For the most part, Russia is keeping its Security Council peers guessing as to its intentions, while talking things through with Turkey. A source in the Russian mission to the UN told TNH that negotiations on Resolution 2165 are still ongoing, and as of now would not offer further comment.
Russia has significant room to manoeuvre, further obscuring a clear-cut path to renewal.
It may seek to ingratiate itself with Turkey by accepting the new Tel Abyad crossing – especially since it is now something Washington appears to want too.
On Yaroubiyeh, Russia likely leans towards ending UN access, hoping to simultaneously please the Turks, frustrate the Americans, and boost al-Assad’s influence over the SDF.
But that could change, given ongoing negotiations between the Syrian government and the SDF about the future of the northeast, which could see the border crossing used as leverage.
In any event, the inactive Syrian-Jordanian crossing at Ramtha is low-hanging fruit. Closing it would have no immediate impact and, if wrapped up in a package deal over Tel Abyad and Yaroubiyeh, it could become Moscow’s way of throwing a bone to al-Assad.
Russia may also pursue more subtle restrictions. For example, Moscow could demand a role for the Syrian government at the crossings, shorten the usual yearly extension period, or attach strings that demand reconstruction aid to Syria, which the United States and the EU want to block.
Western diplomats appear to believe that Russia will reject the 4+1 proposal, but they also don’t think Moscow will allow an easy extension of the current four crossings or veto the resolution as a whole. While a veto would please al-Assad, it would infuriate Turkey (not to mention the United States and the EU), while destabilising northern Syria in unpredictable ways.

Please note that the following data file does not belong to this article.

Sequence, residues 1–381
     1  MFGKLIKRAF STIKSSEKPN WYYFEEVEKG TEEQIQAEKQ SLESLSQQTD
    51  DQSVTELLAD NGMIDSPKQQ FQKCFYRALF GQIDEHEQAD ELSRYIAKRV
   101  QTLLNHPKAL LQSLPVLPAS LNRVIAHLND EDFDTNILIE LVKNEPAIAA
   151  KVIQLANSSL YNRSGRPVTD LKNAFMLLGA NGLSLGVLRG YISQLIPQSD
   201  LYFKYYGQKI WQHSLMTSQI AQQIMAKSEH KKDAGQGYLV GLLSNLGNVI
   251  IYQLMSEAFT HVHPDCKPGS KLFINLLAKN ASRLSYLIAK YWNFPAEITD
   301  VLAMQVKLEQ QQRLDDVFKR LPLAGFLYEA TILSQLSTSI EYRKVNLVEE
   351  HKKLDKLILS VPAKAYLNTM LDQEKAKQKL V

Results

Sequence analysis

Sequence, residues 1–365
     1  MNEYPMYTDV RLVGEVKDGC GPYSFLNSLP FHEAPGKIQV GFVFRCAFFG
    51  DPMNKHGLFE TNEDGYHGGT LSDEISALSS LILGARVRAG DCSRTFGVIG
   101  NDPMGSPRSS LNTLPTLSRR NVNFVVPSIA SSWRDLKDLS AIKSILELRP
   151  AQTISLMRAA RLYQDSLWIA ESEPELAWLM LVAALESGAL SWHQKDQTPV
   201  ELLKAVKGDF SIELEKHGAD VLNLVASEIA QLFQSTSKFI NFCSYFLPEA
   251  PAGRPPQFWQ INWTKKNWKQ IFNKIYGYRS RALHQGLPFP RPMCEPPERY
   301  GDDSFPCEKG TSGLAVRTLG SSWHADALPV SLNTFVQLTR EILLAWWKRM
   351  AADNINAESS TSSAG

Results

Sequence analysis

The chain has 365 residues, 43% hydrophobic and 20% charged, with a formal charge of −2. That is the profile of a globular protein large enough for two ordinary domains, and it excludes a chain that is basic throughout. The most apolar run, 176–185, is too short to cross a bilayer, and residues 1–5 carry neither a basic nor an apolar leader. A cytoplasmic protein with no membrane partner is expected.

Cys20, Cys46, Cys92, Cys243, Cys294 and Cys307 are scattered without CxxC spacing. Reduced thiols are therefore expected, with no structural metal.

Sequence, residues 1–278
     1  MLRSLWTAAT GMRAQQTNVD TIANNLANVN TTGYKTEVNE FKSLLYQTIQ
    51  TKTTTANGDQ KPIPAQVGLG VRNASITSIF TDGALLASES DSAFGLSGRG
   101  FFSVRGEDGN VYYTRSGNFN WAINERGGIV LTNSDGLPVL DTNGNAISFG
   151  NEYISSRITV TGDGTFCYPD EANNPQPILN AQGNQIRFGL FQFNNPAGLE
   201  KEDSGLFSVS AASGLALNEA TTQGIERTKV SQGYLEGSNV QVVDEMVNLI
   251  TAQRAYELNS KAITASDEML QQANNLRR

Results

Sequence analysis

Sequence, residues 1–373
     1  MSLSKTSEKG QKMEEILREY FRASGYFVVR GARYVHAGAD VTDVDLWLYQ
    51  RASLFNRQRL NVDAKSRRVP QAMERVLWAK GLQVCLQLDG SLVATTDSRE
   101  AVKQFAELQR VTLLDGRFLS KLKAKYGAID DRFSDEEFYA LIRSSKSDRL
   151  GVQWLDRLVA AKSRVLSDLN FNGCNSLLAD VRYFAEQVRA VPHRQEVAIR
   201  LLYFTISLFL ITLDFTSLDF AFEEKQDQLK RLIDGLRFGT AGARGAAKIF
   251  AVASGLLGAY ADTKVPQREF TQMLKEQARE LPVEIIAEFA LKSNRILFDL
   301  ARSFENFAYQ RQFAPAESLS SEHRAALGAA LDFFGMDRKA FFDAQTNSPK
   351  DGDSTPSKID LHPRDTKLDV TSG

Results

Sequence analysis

“Russia has had to balance its efforts to restore Damascus’s sovereignty over the whole of Syria against its solicitousness to the priorities of Syria's neighbours,” International Crisis Group analyst Sam Heller told TNH, noting that Turkey is “vested in the stability of areas like Idlib that couldn’t be sustained without cross-border aid”.
Turkey doesn’t want Idlib to be cut off from aid, as it would likely increase instability in an already chaotic region, weaken Ankara-linked Syrian armed groups there, and make another refugee influx into Turkey more likely.
The back-door negotiating does not sit well with Kurds in the northeast.
“We do not know what the Russians and the Turks have agreed amongst themselves,” said Yousef, the Kurdish official, while accusing Turkey of wanting to strangle the Kurdish-held northeast and “cut off any support, even humanitarian support”.
With a vote expected in the coming week, negotiations are likely to be difficult. Nothing is certain, but chances are that some version of Resolution 2165 will pass.